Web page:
2017 in review and a look forward to 2018

Happy New Year to you all!

spacex launch

Max Q‘ is a term used in rocketry to denote the moment during a rocket flight when aerodynamic stress on the rocket’s airframe is at it’s maximum. It’s one of the early milestones of any flight, and one of the most dangerous to boot. Astronauts and engineers both breathe a sigh of relief when the rocket passes this point. Engines, which have been throttled back to 60 – 70% of capacity during this phase, are once again opened up and the great fire-breathing, bone-rattling tin can accelerates rapidly upwards again, on its way to space.

Well, the summer of 2017 felt like ‘max Q’ for our family. We had a second baby boy in late May (he’s brilliant!), relocated from DC to Florida in early July, sold a house and bought a house, prepared for our first hurricane in August (that was stressful!) and had a to-do list longer than our arm, in fact, all our arms combined.

Through this, I did what I could, when I could, to keep the ball rolling with my business. I launched my second course, Data Cleaning and Pivot Tables in Google Sheets, in June, although almost all of the work was completed prior to my son’s arrival in May.

Since October, the throttle has been fully open again on the business and things are moving along nicely. I launched my third course, Advanced Formulas 30 Day Challenge, in mid December, and had over 1k students sign up in the first week.

2017 highlights

Continue reading 2017 in review and a look forward to 2018

Data Studio Connector fields get an update

The engineers at Google continue to roll out updates to Data Studio at a relentless and impressive pace.

Back in September they released community connectors, which allow you to connect any web service with an API to Data Studio for reporting.

Yesterday, they released an update which gives developers much more control over the connector fields in Data Studio, by allowing developers to define Data Types and Semantic Types with more granularity, in your Apps Script code.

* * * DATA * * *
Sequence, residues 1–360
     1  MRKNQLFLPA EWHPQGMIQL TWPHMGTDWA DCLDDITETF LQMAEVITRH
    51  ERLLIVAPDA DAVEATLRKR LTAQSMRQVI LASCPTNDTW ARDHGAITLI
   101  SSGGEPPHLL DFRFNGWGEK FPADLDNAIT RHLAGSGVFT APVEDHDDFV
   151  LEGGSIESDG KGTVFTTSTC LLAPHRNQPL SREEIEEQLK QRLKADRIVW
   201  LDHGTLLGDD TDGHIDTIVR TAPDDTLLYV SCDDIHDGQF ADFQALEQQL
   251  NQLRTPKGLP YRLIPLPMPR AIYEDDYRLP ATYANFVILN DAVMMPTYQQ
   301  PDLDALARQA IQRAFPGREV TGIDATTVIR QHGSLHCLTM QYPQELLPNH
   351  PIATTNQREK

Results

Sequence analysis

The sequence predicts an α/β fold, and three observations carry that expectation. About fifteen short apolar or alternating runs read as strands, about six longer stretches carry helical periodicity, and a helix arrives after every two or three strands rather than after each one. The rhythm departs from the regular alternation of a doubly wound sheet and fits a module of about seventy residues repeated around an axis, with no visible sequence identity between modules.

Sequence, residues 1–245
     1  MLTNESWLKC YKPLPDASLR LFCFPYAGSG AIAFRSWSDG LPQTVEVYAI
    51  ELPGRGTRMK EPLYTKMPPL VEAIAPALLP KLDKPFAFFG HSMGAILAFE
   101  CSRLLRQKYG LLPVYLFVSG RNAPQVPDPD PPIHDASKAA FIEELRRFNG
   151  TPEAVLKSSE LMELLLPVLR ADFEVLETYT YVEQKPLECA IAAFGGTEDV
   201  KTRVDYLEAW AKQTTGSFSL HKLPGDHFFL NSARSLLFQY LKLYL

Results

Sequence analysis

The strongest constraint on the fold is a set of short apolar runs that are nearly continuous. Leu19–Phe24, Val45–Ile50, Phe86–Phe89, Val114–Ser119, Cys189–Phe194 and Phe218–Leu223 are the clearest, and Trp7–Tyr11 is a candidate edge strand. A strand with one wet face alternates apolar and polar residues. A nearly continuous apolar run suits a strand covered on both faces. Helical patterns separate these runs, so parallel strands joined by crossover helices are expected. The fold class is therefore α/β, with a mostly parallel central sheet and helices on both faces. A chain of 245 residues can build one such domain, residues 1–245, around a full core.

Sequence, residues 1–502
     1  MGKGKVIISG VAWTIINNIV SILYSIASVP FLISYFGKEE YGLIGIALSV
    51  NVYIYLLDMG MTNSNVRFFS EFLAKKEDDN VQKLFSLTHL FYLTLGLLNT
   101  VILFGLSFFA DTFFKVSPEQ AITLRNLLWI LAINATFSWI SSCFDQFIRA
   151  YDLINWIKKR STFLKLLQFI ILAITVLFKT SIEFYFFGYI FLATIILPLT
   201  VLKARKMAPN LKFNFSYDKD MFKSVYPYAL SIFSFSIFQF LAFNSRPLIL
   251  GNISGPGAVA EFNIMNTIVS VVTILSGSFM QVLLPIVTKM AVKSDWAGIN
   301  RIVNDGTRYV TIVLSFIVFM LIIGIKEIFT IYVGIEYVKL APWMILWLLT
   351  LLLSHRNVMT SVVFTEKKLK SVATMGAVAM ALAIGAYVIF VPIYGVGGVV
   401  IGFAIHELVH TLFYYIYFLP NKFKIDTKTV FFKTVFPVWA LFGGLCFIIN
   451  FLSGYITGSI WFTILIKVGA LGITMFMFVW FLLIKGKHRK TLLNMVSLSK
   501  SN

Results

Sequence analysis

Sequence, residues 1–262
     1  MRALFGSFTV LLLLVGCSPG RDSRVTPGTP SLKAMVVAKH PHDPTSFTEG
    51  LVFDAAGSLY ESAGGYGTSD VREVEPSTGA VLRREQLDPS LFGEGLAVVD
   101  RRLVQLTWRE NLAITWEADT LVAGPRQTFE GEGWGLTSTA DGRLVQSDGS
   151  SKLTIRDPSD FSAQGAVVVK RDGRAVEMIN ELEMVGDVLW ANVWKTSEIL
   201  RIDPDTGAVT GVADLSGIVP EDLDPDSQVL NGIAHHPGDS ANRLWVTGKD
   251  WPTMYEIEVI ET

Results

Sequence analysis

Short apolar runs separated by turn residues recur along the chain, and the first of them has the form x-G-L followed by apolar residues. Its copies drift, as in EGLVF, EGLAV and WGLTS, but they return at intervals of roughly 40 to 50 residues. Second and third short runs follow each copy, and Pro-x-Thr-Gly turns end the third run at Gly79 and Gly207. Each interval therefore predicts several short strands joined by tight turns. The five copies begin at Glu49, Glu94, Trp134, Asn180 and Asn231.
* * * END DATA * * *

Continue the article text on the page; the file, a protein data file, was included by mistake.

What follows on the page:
Additionally, developers can now embed calculated fields into the connector’s schema too, so it’s not left up to the user to figure this out.

This is a huge improvement as it obviates the need for the end user to select the correct field settings (for example, which aggregation to use) and should therefore make it easier for users to build accurate reports.

Data Type and Semantic Type features in the connector fields

Continue reading Data Studio Connector fields get an update

Introducing Advanced Formulas 30 Day Challenge – My new, free Google Sheets Course

I’ve just launched Advanced Formulas 30 Day Challenge, my latest course.

Advanced Formulas 30 Day Challenge

It’s 30 bite-size tutorials, each focusing on an advanced formula or technique.

If you feel like your spreadsheet knowledge has plateaued after the VLOOKUP, then this is the course for you. You’ll learn everything from classics like the INDEX-MATCH through to more exotic advanced formulas like SUMPRODUCT or MMULT.

Best of all, it’s free! That’s right, this one’s on the house. ๐Ÿ˜€

Start today, and up your spreadsheet game over the next 30 days.

Check out Advanced Formulas 30 Day Challenge here.

Running Total Array Formulas (using the MMULT function)

In this post we’ll look at how to calculate a running total, using a standard method and an array formula method. We’ll cover the topic of matrix multiplication (take a deep breath, it’s going to be ok!) using the MMULT formula, one of the more exotic, and challenging formulas in Google Sheets.

If you like video tutorials, here’s the one on MMULT:

This is a lesson from my latest, Google Sheets course on Advanced Formulas 30 Day Challenge (it’s free!).

Continue reading Running Total Array Formulas (using the MMULT function)

10 techniques to use when building budget templates in Google Sheets

It probably won’t surprise you to hear that I use Google Sheets to build financial/budget templates and track my incomings and outgoing, both at home and for my business.

The dashboards available through online banking sites are pretty rudimentary and don’t give me much insight into what’s happening with my finances, particularly over longer time frames.

I like using Google Sheets, as opposed to another third party service like Mint, because it’s fully customizable, it’s easy to use and I can share any spending or budget templates easily with my wife.

Credit Card budget template with Tiller

I’m not a financial expert, so I won’t be dispensing any financial advice here. I won’t opine on what you should or shouldn’t show in your spending and budget templates in this post, nor will I talk about what your financial goals should be or how to get there.

What I will do in this post however, is show you some useful techniques in Google Sheets that you can use for building your own budget templates. Techniques to make them more insightful and more helpful for reaching your goals. They are:

  1. Why are you doing this?
  2. Invest time little and often
  3. Get basic formulas dialed
  4. Leverage power of more advanced formulas
  5. Don’t reinvent the wheel! Google has specific financial formulas
  6. Use comments to record specific details
  7. Get all your financial data into your Google Sheet with Tiller
  8. Set budgets and highlight spend over the budgeted amount
  9. Build drop-down menus to show different categories in your reports
  10. Use words!

Continue reading 10 techniques to use when building budget templates in Google Sheets